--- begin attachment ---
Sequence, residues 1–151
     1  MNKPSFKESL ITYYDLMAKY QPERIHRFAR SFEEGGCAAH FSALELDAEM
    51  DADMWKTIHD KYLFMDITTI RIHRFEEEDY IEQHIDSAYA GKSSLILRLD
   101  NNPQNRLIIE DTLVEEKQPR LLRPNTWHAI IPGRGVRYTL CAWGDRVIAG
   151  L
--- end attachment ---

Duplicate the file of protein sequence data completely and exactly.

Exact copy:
Sequence, residues 1–151
     1  MNKPSFKESL ITYYDLMAKY QPERIHRFAR SFEEGGCAAH FSALELDAEM
    51  DADMWKTIHD KYLFMDITTI RIHRFEEEDY IEQHIDSAYA GKSSLILRLD
   101  NNPQNRLIIE DTLVEEKQPR LLRPNTWHAI IPGRGVRYTL CAWGDRVIAG
   151  L